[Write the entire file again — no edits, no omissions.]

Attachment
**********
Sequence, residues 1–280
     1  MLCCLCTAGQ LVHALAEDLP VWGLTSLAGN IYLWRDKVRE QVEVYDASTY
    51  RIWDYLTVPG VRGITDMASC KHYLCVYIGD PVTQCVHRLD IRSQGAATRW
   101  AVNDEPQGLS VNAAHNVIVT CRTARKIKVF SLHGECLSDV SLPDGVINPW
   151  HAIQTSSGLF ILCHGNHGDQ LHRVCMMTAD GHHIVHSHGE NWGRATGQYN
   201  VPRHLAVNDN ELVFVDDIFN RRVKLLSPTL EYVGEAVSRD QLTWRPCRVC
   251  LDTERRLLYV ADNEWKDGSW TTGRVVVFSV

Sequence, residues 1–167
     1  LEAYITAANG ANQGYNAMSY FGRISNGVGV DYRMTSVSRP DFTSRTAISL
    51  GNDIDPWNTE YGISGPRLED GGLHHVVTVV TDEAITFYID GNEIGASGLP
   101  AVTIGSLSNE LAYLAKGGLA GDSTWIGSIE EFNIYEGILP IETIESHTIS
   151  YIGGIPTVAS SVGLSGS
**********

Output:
Sequence, residues 1–280
     1  MLCCLCTAGQ LVHALAEDLP VWGLTSLAGN IYLWRDKVRE QVEVYDASTY
    51  RIWDYLTVPG VRGITDMASC KHYLCVYIGD PVTQCVHRLD IRSQGAATRW
   101  AVNDEPQGLS VNAAHNVIVT CRTARKIKVF SLHGECLSDV SLPDGVINPW
   151  HAIQTSSGLF ILCHGNHGDQ LHRVCMMTAD GHHIVHSHGE NWGRATGQYN
   201  VPRHLAVNDN ELVFVDDIFN RRVKLLSPTL EYVGEAVSRD QLTWRPCRVC
   251  LDTERRLLYV ADNEWKDGSW TTGRVVVFSV

Sequence, residues 1–167
     1  LEAYITAANG ANQGYNAMSY FGRISNGVGV DYRMTSVSRP DFTSRTAISL
    51  GNDIDPWNTE YGISGPRLED GGLHHVVTVV TDEAITFYID GNEIGASGLP
   101  AVTIGSLSNE LAYLAKGGLA GDSTWIGSIE EFNIYEGILP IETIESHTIS
   151  YIGGIPTVAS SVGLSGS